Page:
The current LS-001 (Lipid Sciences Selective Delipidation Trial) study is a randomized, single-blind, placebo-controlled study to evaluate the safety of the LS PDS-2 device in subjects who had been previously treated for ACS. Patients with ACS scheduled for cardiac catheterization with a nonobstructive atheroma in ≥1 native coronary arteries were randomized to HDL delipidation or control, and subjected to apheresis/reinfusion. Patients had 7 sessions each, 1 week apart. Patients underwent IVUS evaluation of the target vessel during the diagnostic catheterization for ACS and up to 14 days following the final procedure. The study was conducted from June 2006 to February 2008 under approval of the Food and Drug Administration and the institutional review board at Washington Hospital Center; with written informed consent obtained from patients prior to any study-related procedures. An independent clinical event committee adjudicated adverse events.
Patients age 18 to 85 years who presented with ACS (defined as unstable angina or non–ST-segment elevation myocardial infarction) who were scheduled for a diagnostic catheterization, who had a left ventricular ejection fraction >40%, and did not require insulin for diabetes were eligible for screening in this study. Subjects must have had angiographic evidence of coronary heart disease defined as having ≥1 lesion that had ≥20% but ≤50% reduction in lumen diameter by visual estimation within a segment 30 to 80 mm in length in a native coronary artery that did not require percutaneous coronary intervention (PCI) and without a bypass graft. A single artery was identified as the target artery for each subject and remained constant throughout the study. Patients were considered eligible for this study if they also met normal inclusion requirements for plasmapheresis: including weighing 110 lbs or more, hemoglobin (≥12.5 g/dl), with sufficient levels of HDL-C (≥32 mg/dl) and apoA-I (≥95 mg/dl), as well as triglycerides <300 mg/dl.
Randomization and binding
Subjects who met the eligibility requirements and had been discharged from the ACS hospitalization underwent a 7-week investigational treatment period. These treatments began within 14 days following the admission of ACS. Upon return to the clinic, subjects were randomized in a 1:1 fashion to either selective HDL delipidation utilizing the LS PDS-2 device or control where no delipidation treatment of the plasma occurred. All treatments followed the same randomization assignment, and cross-over was not allowed. The trial was conducted in a single-blind fashion in which the patients were unaware of their randomization assignment throughout the trial.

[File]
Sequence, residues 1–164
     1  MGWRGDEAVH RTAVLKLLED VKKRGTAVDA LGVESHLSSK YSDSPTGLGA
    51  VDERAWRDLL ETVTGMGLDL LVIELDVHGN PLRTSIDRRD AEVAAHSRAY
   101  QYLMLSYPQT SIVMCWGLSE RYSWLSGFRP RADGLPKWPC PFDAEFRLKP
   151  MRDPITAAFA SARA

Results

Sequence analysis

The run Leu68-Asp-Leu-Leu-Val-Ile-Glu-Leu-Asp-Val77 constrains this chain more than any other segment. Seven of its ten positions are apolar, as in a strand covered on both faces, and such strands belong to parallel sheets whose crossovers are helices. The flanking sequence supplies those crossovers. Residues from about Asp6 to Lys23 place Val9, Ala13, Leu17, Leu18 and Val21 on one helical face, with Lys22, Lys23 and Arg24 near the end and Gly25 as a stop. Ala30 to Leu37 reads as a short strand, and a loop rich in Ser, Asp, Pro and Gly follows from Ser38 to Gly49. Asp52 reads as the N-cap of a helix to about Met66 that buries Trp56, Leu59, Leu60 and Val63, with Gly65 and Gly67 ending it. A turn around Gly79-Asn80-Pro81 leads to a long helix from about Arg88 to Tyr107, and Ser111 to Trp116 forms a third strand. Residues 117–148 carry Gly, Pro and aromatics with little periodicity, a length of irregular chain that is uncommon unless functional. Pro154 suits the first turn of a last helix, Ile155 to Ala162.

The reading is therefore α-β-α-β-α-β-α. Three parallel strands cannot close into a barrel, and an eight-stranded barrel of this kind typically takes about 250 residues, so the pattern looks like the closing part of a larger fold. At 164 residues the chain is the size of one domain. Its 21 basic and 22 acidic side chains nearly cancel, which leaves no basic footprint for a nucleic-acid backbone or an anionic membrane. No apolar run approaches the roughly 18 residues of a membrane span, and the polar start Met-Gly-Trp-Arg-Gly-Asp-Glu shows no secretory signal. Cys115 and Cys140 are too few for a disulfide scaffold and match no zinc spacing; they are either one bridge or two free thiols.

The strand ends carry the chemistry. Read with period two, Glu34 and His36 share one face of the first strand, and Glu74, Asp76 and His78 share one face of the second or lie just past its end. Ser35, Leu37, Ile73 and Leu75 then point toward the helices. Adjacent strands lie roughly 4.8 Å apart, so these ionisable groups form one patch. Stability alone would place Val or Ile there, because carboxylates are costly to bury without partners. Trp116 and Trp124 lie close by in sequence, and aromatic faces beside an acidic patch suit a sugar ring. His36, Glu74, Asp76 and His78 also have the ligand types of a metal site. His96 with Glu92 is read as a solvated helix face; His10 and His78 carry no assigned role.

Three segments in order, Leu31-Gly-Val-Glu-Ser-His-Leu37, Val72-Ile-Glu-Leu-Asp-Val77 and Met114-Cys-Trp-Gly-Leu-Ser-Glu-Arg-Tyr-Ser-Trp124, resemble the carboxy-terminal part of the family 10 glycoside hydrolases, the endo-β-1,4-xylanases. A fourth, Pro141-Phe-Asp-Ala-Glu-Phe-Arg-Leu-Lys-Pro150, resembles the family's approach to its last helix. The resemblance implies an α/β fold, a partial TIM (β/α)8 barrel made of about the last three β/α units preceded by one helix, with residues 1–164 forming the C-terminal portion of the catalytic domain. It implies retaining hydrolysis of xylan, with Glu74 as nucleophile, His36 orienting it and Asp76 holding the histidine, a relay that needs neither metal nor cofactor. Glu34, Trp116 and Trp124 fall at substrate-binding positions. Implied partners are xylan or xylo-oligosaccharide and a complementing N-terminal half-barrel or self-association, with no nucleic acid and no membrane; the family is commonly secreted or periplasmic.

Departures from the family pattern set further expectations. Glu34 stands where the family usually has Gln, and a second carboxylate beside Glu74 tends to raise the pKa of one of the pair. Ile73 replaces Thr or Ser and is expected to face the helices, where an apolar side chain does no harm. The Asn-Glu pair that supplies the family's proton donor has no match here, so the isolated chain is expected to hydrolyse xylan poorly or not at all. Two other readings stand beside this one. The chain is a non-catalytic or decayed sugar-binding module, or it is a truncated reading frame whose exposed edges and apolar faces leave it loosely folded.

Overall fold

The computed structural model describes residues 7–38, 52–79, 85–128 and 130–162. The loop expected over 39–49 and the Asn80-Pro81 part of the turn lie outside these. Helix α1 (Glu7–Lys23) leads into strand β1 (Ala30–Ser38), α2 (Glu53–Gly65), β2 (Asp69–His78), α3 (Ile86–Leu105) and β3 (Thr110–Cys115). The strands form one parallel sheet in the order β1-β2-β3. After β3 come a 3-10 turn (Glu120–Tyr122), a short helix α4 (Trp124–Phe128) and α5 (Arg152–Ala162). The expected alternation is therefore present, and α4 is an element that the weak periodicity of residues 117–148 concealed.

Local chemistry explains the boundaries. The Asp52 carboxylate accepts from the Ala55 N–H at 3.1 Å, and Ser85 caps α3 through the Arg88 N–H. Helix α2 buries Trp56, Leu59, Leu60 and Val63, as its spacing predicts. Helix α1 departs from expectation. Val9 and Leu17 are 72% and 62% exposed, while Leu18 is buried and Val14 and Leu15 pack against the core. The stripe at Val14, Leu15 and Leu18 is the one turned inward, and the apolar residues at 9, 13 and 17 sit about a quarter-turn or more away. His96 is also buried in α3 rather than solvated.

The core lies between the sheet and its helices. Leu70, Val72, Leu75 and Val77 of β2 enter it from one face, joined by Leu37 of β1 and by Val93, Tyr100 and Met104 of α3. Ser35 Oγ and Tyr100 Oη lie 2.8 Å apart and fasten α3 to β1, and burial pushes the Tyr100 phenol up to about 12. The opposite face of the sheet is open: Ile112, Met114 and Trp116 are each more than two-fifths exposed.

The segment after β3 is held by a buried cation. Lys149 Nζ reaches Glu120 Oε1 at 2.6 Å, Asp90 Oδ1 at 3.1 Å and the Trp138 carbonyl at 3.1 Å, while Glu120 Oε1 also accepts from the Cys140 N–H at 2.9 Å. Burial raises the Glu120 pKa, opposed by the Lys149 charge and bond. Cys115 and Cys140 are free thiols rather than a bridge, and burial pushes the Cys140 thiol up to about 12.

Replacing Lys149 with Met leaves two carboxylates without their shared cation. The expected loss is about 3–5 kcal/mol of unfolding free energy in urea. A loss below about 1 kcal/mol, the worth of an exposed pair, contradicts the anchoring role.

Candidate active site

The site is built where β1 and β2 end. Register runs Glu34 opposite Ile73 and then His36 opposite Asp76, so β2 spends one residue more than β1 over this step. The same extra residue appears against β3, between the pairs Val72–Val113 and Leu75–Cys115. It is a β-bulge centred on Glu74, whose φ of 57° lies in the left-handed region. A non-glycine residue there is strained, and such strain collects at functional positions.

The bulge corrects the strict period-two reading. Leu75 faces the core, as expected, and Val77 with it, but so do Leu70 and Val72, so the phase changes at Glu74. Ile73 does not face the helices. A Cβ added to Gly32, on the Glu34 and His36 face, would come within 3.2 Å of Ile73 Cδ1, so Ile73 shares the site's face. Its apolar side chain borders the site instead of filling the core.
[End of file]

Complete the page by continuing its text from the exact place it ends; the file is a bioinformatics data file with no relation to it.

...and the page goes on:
Plasma collection, delipidation, and reinfusion
Approximately 1 l of plasma was collected by apheresis from each patient in an identical manner via the Baxter Auto-C Plasmapheresis System (Fenwal, Lake Zurich, Illinois). All patients received a minimum of 500 ml of 5% human albumin with additional saline as needed per clinical judgment of the plasmapheresis operators. The 1 l of plasma was either subjected to the selective HDL delipidation process or was left untreated and reinfused back into the patient. The typical lengths of the initial plasmapheresis and reinfusions were 1.5 and 2 h, respectively. A 4-F catheter utilizing either the arm or groin as the access site was used for the plasmapheresis and reinfusions.
The delipidation process was performed using the investigational LS PDS-2 device designed to selectively remove cholesterol from HDL in plasma. This selective cholesterol removal, or delipidation, is achieved by mixing the collected plasma with organic solvents, n-butanol and sevoflurane, within the device. The used solvents and removed lipids are then separated from the plasma by gravity phase separation. The solvent/lipid mixture is drained, and the delipidated plasma is subsequently pumped through a charcoal column to remove trace solvent residual in the plasma (19). During this process, the delipidated plasma is chased with approximately 150 ml of saline into a commercially available intravenous bag, aseptically moved from the PDS-2 system, and returned to the patient via a standard infusion pump. If randomized to the placebo control, the plasma was transferred to a 2.0-l return bag (as used for the delipidated group) with approximately 150 ml of saline, and returned to the patient via an infusion pump. The reinfusion intravenous return bags were identical for the investigational and placebo-control treatment groups to maintain the blind. The delipidated or control plasma was reinfused into the patient over an approximately 60- to 75-min period, with an observation period of 2 h after the completion of the reinfusion to assess for adverse effects. The patients were then released from the clinic.
The reinfusion of autologous selective delipidated HDL or control plasma was repeated every seventh day (±2 days) for a total of 7 treatment procedures. If a patient was unable to return for 1 of the 7-week clinic visits for investigational treatment within the allotted treatment window, or the full course of both the plasmapheresis and reinfusion treatment was unable to be completed, the visit was allowed to be rescheduled for the following week. This was allowed only once per patient, and only 7 completed treatment visits were allowed per patient.